The nations foster care system consists of fifty state systems. Understanding national trends depends largely on the events that transpire at the state level. Still, states are not socially and economically homogeneous. National trends are also influenced by trends shaping subdivisions within states. Our analysis demonstrates the fact that grouping political subdivisions (counties) together by their urban character preserves a pattern of variation in the underlying state data that is in fact more revealing than the state data alone. As federal, state, and local child welfare administrators press on with outcome monitoring, it is difficult to overstate the importance of the variation linked to place and time.
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Barth, R., Miller, J., Green, R., & Baumgartner, J. (2000). Children of Color in the Child Welfare System: Toward Explaining Their Disproportionate Involvement in Comparison to Their Numbers in the General Population. Washington, DC: U.S. Department of Health and Human Services, Administration for Children, Youth, and Families.
Courtney, M. (1995). Reentry to foster care of children returned to their families. Social Service Review 69(2), 226-241.
Goerge, R. (1990). The reunification process in substitute care. Social Service Review 64(3), 422-457.
Lancaster, T. (1990). The Econometric Analysis of Transition Data. Cambridge, England: Cambridge University Press.
Mech E.V. (1983). Out-of-home placement rates. Social Service Review 57(4) 659-667.
Needell, B. (1996). Placement stability and permanence for children entering foster care as infants. Digital Dissertations. (UMI Proquest. No. AAT 9723126).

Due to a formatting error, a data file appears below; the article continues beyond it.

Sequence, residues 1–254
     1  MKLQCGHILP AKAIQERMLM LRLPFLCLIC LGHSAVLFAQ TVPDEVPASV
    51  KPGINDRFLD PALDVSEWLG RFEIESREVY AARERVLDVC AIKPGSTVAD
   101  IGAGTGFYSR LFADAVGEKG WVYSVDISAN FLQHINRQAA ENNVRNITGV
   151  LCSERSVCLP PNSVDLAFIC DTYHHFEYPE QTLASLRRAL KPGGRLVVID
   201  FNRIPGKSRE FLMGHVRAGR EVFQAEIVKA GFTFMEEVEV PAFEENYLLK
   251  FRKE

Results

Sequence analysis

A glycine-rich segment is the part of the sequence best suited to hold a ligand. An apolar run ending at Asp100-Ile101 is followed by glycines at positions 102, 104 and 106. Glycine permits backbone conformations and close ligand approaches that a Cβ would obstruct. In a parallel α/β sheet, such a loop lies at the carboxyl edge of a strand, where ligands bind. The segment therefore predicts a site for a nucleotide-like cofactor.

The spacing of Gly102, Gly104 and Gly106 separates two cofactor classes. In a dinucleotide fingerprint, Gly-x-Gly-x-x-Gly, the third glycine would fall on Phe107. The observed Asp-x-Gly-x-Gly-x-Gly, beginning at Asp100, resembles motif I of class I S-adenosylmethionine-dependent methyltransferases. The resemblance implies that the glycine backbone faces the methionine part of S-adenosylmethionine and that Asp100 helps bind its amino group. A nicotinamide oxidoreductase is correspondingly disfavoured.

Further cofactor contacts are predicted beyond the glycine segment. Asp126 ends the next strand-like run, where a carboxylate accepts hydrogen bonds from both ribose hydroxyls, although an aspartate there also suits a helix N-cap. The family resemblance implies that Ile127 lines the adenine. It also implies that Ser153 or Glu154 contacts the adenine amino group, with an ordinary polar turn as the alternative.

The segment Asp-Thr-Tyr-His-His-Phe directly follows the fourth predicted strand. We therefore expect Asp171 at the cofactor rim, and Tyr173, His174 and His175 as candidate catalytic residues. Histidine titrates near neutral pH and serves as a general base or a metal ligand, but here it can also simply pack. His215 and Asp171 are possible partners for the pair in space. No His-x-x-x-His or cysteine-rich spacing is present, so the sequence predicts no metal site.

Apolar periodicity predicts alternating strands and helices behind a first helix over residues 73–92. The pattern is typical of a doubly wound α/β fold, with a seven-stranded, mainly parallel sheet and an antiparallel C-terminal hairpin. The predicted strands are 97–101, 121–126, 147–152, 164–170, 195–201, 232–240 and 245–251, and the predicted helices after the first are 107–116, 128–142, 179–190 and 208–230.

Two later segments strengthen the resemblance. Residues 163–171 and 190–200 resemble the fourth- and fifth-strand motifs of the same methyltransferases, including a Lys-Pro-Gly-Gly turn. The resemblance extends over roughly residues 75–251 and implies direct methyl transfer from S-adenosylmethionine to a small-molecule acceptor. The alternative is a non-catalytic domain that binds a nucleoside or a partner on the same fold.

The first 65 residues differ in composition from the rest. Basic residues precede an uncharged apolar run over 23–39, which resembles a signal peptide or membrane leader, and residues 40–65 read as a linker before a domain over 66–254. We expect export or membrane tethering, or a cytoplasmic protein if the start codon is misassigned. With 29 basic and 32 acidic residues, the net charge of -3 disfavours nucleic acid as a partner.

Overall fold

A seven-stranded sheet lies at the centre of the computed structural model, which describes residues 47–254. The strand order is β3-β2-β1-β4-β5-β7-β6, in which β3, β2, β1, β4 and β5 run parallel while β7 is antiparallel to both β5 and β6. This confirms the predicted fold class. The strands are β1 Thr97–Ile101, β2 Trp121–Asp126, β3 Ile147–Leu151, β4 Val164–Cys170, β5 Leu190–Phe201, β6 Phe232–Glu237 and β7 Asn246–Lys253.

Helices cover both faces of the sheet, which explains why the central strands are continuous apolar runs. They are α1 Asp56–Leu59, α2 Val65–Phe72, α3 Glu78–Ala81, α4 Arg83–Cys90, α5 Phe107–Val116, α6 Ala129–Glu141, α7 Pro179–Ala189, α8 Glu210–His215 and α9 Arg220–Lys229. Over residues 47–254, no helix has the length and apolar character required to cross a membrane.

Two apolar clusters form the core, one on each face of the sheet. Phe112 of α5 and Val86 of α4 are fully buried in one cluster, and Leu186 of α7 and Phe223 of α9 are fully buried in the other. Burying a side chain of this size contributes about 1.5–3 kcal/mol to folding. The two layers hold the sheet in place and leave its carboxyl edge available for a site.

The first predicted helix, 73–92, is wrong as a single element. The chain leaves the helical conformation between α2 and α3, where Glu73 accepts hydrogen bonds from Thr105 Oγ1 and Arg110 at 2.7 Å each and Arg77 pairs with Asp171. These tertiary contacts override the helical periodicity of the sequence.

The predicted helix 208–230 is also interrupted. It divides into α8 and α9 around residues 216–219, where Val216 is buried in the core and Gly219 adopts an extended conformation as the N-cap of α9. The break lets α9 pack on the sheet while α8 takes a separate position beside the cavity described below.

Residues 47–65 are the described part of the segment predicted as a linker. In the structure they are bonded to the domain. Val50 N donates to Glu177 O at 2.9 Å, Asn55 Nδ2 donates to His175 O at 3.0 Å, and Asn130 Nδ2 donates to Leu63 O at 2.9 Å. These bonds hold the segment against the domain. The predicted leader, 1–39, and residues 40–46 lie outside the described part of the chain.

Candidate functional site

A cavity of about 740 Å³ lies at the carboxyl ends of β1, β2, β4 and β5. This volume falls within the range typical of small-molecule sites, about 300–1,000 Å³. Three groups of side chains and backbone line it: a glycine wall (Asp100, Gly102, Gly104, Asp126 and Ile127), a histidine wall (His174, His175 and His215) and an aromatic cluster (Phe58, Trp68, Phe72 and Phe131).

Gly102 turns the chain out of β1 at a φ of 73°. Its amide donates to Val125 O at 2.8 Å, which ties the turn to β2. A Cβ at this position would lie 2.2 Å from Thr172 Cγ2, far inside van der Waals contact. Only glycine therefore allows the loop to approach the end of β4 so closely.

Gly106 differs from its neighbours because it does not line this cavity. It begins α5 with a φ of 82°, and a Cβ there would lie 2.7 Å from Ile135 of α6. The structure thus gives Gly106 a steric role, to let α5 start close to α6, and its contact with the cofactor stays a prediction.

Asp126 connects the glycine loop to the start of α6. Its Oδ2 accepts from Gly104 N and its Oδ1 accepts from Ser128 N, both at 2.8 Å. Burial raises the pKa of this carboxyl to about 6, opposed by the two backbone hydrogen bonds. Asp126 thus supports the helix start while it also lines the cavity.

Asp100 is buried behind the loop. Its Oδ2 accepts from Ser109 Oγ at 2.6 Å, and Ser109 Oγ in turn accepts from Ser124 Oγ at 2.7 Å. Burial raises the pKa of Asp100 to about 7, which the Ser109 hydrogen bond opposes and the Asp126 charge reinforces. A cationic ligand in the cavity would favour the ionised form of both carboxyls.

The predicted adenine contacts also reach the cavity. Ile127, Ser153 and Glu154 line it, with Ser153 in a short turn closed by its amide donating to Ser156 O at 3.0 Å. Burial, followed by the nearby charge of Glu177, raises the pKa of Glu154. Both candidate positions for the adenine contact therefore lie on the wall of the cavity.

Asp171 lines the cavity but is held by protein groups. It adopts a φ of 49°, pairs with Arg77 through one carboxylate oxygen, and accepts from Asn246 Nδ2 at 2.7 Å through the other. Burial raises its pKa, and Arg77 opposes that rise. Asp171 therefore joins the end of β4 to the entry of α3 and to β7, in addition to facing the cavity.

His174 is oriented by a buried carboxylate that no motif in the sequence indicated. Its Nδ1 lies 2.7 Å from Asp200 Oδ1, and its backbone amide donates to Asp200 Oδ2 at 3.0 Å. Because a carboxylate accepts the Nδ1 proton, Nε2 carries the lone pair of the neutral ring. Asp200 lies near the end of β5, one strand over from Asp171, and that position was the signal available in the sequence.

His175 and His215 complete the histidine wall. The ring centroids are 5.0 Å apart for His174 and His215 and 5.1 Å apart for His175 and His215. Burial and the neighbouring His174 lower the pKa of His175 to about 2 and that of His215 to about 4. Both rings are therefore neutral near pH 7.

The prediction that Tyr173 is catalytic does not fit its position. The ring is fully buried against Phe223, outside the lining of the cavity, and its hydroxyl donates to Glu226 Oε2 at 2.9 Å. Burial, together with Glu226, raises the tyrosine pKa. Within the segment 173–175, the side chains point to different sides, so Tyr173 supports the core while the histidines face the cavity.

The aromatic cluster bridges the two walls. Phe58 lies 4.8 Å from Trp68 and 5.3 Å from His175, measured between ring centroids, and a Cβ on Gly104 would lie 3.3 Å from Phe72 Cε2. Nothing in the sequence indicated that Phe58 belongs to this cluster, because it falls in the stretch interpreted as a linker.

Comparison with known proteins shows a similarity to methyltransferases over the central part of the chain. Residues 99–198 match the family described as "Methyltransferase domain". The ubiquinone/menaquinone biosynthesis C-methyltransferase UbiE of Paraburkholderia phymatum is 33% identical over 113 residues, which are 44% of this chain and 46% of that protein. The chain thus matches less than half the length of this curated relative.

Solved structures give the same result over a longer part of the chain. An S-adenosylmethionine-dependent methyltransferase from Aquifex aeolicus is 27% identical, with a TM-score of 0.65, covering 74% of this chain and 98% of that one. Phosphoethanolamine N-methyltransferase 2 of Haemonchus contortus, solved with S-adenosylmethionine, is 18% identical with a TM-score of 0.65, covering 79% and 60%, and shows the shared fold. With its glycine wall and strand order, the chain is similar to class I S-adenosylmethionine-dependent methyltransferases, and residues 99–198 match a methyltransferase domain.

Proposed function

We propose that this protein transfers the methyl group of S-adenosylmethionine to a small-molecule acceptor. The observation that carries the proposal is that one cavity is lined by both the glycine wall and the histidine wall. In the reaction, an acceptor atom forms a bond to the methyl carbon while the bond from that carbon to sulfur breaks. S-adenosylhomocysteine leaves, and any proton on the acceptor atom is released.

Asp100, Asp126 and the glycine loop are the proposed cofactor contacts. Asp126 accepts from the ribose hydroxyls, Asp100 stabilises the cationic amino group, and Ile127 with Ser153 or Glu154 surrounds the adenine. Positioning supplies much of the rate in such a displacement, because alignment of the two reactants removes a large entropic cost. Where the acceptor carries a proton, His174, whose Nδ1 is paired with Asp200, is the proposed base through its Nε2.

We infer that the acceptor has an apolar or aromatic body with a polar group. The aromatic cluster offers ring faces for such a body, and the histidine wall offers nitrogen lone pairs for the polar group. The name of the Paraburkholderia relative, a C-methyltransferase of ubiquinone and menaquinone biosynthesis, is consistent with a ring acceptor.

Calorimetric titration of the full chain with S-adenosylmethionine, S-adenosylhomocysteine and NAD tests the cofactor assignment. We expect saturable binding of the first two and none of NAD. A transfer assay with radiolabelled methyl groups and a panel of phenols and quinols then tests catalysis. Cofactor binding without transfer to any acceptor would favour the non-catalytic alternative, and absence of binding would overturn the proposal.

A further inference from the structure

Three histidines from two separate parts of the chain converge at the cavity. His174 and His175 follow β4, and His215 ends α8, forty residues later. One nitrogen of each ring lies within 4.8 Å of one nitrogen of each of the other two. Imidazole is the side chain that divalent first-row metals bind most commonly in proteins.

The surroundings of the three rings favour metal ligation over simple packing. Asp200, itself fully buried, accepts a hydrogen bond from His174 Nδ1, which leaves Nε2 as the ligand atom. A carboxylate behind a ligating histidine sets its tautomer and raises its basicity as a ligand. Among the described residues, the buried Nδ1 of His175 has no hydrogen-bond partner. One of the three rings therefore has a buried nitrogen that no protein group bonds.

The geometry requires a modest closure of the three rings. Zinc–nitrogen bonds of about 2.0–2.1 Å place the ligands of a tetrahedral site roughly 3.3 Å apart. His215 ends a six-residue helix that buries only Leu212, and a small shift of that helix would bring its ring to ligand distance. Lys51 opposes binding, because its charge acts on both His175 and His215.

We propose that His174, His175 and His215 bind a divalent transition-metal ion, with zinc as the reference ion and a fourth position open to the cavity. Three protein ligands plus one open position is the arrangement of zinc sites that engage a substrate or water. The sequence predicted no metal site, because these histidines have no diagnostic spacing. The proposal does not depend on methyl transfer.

U.S. Census Bureau. (2001). " Historical Poverty Tables, (Table) 3. Poverty Status of People, by Age, Race, and Hispanic Origin: 1959 to 2000. [on-line]. Available http://www.census.gov/hhes/poverty/histpov/hstpov3.html.
U.S. Department of Heath and Human Services, Administration on Children, Youth and Families. (2001). Child Maltreatment 1999. [on-line]. Available: http://www.acf.dhhs.gov/programs/cb/publications/cm99/index.htm.
U.S. House of Representatives, Committee on Ways and Means. (2000). 2000 Green Book: Background material and data on programs within the jurisdiction of the Committee on Ways and Means, Oct. 6, 2000. 106th Cong. 2nd sess.
Wulczyn, F. (1991). Caseload dynamics and foster care reentry. Social Service Review 65(1), 133-156.
Wulczyn, F., Brunner, K. (2000). Infants and Toddlers in Foster Care. Protecting Children, 16 (1), 4-11.
Wulczyn, F., Hislop, K, & Harden, B. J. (2001). The Placement of Infants in Foster Care. Infant Mental Health Journal, (in press).
Wulczyn, F., Hislop, K. B. & Goerge, R. M. (2001). An Update from the Multistate Foster Care Data Archive Foster Care Dynamics 1983-1998. Chicago: Chapin Hall Center for Children.
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(1) For a more complete description of the Multistate Foster Care Data Archive, see Wulczyn, F.H, Kristen Brunner Hislop, and Robert M. Goerge. Foster Care Dynamics, 1988-1998: An Update from the Multistate Foster Care Data Archive. Chicago: Chapin Hall Center for Children, 2000.